Yesterday’s Open Art Form asked what you thought these artists would have liked to eat in their day. I did a little research, and the findings were very interesting. (This information was taken right off Google.)

Vincent Van Gogh:  He very often lived on bread, butter, and coffee. He sometimes had oatmeal for breakfast. While in Brussels, Vincent wrote that he often ate dry bread, potatoes, and chestnuts, and often took his meals ‘in the soup kitchen.

Pablo Picasso:  Picasso’s culinary tastes were a lot more down-to-earth. ‘Olga loves cakes and caviar,’ he said of his first wife, Olga Khokhlova. ‘I love Catalan sausage and beans. ‘ He ate simply throughout his life – fresh fish, a little wine, lots of fruit and veg – no wonder he lived to the grand old age of 91.

Frida Kahlo:  Kahlo’s passion for food was evident in her many lush, still lifes of fruit. But she was also known for her raucous dinner parties in Mexico City, replete with pulque, mescal, mole and tamales. Kahlo served dishes she had mostly learned from Rivera’s previous (second) wife, Guadalupe Marin.

Leonardo da Vinci:  Son of the notary Piero, and a peasant, Caterina, he spent his childhood living with his mother, enjoying simple, natural food such as olive oil, bread, and wine, as well as home-grown vegetables, fruit, cheese, eggs, and occasionally chicken from their own hens.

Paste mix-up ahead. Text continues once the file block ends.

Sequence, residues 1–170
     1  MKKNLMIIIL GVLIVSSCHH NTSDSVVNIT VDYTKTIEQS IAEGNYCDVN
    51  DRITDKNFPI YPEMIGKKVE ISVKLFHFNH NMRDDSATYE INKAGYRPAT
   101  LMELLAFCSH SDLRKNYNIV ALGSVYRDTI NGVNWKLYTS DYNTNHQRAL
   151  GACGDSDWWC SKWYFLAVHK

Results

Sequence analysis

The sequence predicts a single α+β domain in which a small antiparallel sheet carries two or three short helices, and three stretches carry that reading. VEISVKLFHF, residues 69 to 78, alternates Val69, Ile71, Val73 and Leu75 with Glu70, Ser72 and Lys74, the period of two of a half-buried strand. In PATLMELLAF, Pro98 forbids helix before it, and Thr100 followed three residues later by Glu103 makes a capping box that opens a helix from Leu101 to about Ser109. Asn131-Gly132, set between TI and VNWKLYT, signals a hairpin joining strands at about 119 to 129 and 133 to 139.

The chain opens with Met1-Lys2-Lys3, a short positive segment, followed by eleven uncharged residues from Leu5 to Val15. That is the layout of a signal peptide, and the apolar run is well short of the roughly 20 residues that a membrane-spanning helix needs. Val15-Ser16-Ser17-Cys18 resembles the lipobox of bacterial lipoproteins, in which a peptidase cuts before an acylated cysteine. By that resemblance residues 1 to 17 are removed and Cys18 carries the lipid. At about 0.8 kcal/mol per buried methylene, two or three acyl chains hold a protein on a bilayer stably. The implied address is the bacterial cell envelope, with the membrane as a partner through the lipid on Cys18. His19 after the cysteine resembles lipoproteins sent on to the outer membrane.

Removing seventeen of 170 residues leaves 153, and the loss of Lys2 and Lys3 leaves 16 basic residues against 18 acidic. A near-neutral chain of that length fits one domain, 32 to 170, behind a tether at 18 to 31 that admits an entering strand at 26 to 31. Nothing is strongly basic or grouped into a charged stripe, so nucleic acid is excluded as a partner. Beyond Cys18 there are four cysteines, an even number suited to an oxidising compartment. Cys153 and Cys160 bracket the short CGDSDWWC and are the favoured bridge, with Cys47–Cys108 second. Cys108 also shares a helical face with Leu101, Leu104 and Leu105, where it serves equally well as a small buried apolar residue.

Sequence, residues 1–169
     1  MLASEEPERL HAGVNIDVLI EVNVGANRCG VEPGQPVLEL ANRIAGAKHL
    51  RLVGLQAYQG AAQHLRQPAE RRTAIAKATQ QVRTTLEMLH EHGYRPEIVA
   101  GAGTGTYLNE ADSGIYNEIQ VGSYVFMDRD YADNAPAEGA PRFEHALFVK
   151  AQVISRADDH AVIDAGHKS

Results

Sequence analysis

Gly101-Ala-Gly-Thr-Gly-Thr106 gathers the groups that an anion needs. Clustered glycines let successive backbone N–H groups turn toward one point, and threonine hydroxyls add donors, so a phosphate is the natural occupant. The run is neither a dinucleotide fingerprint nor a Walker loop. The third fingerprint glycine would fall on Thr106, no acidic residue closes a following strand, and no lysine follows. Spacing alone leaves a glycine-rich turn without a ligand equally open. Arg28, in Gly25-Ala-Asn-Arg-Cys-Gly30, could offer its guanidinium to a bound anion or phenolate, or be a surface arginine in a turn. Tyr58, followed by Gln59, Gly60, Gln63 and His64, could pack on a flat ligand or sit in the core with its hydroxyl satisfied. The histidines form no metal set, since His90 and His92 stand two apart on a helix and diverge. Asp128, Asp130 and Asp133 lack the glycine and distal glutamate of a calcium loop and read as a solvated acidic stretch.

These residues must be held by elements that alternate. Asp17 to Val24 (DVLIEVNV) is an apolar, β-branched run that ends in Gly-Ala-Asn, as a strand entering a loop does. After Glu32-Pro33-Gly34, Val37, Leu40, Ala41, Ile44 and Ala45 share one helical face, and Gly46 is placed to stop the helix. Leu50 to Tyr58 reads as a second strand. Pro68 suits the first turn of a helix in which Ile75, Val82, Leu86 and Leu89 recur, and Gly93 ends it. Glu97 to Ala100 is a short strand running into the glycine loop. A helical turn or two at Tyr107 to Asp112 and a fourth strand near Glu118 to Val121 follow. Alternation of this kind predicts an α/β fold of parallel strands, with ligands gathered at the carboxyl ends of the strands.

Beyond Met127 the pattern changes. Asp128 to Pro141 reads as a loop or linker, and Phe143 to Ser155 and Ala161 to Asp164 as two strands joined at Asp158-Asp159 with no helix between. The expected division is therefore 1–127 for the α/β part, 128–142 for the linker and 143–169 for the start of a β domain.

Georgia O’Keeffe:  But the majority of O’Keeffe’s recipes are practical and austere—rye bread, griddle cakes, oatmeal soup, roasted chicken. She allowed herself just a few indulgences, like candied limes or fresh vanilla ice cream made with egg yolks.

Andy Warhol:  Warhol himself said, “Pop art is about liking things,” and claimed that he ate Campbell’s soup every day for twenty years. For him, it was the quintessential American product: he marveled that the soup, like Coca-Cola, always tasted the same, whether consumed by prince or pauper.The phenomenon of fast food fascinated Warhol and convenience meals formed a major part of his diet. For more than 20 years, he claimed, he ate nothing but Kellogg’s Cornflakes for breakfast and Campbell’s soup and a sandwich for lunch.

Do any of these surprise you? One thing I notice is in most of these the diets were pretty simple and went along with what was available at the time. Do you think Leonardo da Vinci would dive into a Big Mac if he were here? Now, the question would be, which diet would you like to eat regularly the most?

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